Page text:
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City to alert residents immediately of sewage bypass

The city will start issuing public alerts the next time there is a sewage bypass into a local lake or river, an event that has occurred regularly in Greater Sudbury in recent months.
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On Oct. 16, 7,710 cubic litres of sewage entered Whitewater Lake in Azilda through a ditch, although a staff report on the incident said disinfection procedures were completed during the event. File photo.

The city will start issuing public alerts the next time there is a sewage bypass into a local lake or river, an event that has occurred regularly in Greater Sudbury in recent months.

Meeting Tuesday, city council passed a motion from outgoing Ward 2 Coun. Jacques Barbeau, who said he has pushed for an alert system for some time, based on a similar policy in Kingston. Currently, he said, such events are not made public until three months after they have occurred.

“We have discussed for a long time the need to report these incidents more quickly to the public,” Barbeau said. “And to this day, that hasn't happened.”

There were 11 such events in October alone, when heavy rains caused flooding problems across the city. When the city's drainage system is overwhelmed, raw or partially treated sewage is dumped into rivers or lakes – although not into areas where the city draws its drinking water.

Most events are relatively minor, although five of the bypass events in October were deemed major or moderate. The most severe of those events took place Oct. 15, when a total volume of 325,058 cubic metres of raw sewage went into Junction Creek, although a city report says it was screened and partially disinfected.

Several incidents also took place in April, when heavy rains and melting snow overwhelmed the city's sewer system. The most severe event that month took place April 13, when a volume of 176,200 cubic metres of partially disinfected raw sewage entered Junction Creek.

The reasons for bypasses are heavy rains and equipment failure, as well as residents who have illegal hookups to the system. With climate change, these types of incidents are expected to be more common, Barbeau said.

“While some staff I have spoken with see (the alerts) as a negative thing, that we would be advertising the fact we have a bypass, I think that's the furthest thing from the truth,” he said. “Now, more than ever, people are in tune with ... the need to protect our lakes, to reduce the number of blue green algae blooms we have.”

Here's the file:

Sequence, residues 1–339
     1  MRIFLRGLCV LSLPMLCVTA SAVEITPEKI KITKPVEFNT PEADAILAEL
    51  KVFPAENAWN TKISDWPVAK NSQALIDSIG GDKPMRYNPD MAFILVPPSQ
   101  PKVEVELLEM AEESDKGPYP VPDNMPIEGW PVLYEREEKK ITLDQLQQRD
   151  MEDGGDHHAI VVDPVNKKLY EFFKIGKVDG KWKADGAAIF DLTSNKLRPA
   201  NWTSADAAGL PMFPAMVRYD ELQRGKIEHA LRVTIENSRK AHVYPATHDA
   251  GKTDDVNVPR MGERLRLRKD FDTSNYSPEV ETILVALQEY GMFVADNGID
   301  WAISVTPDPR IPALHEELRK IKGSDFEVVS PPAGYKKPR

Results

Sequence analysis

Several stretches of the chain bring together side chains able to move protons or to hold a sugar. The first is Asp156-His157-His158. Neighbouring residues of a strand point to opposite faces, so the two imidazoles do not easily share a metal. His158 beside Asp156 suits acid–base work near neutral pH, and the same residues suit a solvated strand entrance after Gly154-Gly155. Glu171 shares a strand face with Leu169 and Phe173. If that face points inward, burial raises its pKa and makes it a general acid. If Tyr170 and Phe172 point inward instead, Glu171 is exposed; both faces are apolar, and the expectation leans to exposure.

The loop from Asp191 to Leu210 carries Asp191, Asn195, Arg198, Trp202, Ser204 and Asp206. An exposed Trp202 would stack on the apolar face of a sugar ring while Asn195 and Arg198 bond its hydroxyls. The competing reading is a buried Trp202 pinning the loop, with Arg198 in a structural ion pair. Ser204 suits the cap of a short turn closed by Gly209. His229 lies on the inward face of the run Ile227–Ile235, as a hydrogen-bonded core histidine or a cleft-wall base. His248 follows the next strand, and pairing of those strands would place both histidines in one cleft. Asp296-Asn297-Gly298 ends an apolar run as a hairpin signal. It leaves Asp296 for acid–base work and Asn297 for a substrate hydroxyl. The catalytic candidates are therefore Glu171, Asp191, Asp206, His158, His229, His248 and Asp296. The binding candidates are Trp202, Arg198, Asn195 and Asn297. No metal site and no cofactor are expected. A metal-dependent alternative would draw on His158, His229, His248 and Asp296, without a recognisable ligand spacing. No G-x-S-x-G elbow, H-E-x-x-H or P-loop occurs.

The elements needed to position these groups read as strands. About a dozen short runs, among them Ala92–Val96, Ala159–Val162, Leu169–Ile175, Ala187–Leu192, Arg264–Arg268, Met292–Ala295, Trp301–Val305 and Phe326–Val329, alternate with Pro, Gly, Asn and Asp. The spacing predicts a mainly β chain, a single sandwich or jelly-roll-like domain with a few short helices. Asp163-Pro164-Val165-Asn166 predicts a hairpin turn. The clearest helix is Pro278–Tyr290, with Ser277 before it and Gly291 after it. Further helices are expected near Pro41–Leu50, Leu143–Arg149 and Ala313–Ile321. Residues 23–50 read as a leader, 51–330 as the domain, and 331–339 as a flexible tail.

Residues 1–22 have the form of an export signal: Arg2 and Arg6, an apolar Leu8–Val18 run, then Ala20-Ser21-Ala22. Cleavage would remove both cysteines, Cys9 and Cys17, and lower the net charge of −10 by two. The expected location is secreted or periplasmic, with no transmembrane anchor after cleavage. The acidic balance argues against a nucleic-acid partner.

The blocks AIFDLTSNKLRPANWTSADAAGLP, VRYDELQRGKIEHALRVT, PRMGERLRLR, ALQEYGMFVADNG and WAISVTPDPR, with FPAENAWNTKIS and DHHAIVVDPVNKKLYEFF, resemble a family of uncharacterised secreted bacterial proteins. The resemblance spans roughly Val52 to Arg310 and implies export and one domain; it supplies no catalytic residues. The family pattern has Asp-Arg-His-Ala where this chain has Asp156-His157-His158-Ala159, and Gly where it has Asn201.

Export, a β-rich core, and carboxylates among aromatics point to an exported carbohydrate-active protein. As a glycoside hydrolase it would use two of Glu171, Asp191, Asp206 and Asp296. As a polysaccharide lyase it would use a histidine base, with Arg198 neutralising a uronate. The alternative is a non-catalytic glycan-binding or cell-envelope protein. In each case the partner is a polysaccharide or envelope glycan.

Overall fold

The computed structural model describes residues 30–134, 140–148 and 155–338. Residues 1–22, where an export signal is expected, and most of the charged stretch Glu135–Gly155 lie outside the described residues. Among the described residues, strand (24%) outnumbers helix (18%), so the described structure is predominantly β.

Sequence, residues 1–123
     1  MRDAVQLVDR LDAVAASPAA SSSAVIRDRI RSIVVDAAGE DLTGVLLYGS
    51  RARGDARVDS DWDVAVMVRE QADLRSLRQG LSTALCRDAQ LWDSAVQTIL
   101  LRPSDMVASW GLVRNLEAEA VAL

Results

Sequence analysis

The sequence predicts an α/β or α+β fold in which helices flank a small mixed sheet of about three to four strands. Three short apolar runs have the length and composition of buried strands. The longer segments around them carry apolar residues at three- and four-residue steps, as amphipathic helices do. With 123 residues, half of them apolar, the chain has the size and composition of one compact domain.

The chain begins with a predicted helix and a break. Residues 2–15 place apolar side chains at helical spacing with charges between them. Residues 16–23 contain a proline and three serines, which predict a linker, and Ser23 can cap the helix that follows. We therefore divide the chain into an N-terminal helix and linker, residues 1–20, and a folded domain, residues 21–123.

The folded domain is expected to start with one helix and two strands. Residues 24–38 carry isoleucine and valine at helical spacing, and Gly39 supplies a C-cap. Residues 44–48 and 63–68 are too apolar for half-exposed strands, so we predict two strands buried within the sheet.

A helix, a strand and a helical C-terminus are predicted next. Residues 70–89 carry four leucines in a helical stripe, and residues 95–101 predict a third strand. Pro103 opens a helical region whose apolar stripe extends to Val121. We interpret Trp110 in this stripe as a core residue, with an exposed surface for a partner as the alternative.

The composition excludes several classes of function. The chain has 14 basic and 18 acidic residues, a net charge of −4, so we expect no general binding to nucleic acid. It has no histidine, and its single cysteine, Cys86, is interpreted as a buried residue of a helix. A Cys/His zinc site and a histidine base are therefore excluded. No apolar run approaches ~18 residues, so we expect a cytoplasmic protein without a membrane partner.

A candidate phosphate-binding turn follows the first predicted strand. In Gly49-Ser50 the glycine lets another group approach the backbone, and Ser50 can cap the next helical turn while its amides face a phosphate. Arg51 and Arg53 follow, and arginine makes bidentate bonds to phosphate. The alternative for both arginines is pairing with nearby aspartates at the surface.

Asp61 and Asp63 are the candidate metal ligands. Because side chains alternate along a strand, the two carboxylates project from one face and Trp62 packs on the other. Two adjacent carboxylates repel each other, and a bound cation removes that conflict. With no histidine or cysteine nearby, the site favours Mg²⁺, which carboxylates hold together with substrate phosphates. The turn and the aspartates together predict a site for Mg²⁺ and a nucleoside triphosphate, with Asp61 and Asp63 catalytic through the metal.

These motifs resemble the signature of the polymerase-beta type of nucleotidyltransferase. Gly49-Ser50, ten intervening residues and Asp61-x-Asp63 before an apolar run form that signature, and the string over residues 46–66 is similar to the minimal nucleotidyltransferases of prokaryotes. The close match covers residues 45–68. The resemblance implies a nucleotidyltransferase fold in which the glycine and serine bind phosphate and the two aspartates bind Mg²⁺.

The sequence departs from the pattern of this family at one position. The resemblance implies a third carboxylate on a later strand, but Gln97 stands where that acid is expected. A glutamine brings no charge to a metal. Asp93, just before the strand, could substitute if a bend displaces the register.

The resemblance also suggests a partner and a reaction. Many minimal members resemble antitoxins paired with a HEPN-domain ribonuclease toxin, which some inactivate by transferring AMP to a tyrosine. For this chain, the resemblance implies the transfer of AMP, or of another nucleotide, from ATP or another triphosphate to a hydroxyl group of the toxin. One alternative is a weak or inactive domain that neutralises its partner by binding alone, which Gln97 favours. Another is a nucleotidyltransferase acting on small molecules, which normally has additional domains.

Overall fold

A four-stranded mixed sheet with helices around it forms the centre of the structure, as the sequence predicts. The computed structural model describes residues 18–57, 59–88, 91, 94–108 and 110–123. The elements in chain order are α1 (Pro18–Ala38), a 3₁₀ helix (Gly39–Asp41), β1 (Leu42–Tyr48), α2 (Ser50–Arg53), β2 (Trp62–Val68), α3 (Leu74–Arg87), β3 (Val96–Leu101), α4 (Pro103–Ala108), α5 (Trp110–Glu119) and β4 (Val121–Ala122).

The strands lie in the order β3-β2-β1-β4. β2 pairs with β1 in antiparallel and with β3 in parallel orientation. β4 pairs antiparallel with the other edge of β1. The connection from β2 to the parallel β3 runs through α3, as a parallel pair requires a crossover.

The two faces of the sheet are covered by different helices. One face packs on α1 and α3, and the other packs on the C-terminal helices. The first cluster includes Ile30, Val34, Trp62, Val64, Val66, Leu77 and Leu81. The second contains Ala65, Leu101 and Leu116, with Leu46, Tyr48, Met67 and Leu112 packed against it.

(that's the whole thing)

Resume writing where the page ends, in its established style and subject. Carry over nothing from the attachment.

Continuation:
The blooms thrive in nutrient-rich lakes, and sewage is full of such nutrients. While rivers such as Junction, Coniston, Whitson and Meatbird are most commonly affected, lakes such as Whitewater and Simon have also been affected.

For example, on Oct. 16, 7,710 cubic litres of sewage entered Whitewater Lake in Azilda through a ditch, although a staff report on the incident said disinfection procedures were completed during the event.

Both Whitewater and Simon Lake was similarly affected May 15 during a heavy rainstorm. Barbeau said residents living on or near the lakes should be informed about what's going on.

“It should be very simple to alert the public to the fact that we've had a bypass,” he said. “People who are living in these areas need to know when it is happening and if they need to avoid these areas where we have a water treatment plant, they can do that. Three months after the fact is not very responsible reporting.”

Ward 4 Coun. Evelyn Dutrisac, whose ward includes Whitewater, said she and the Azilda Community Action Network are working with city staff to create a steering committee to educate the public about the bypasses, and the fact illegal hookups to the city's system aggravates the problem.

“Our lakes are our treasures,” she said. “People need to know when there is a sewage bypass. And people have to stop these illegal hookups that are polluting our lakes.”


“We need to get more aggressive with people who are hooked up illegally,” Barbeau agreed. “Due to these bypasses, the (algae) problems we have on Simon Lake are not improving. In fact, it's probably getting a little worse.”

The city should be alerting people “in real time” about bypasses so people living beside or downstream from the affected bodies of water know what is going on.

“Right now, they're getting information that is three months old,” he said. “We can certainly be leading the way by … getting real-time information out there.”

More details and a copy of the monthly reporting of such events can be found at www.greatersudbury.ca/living/sewer-and-water/wastewater-treatment/stewardship/
 




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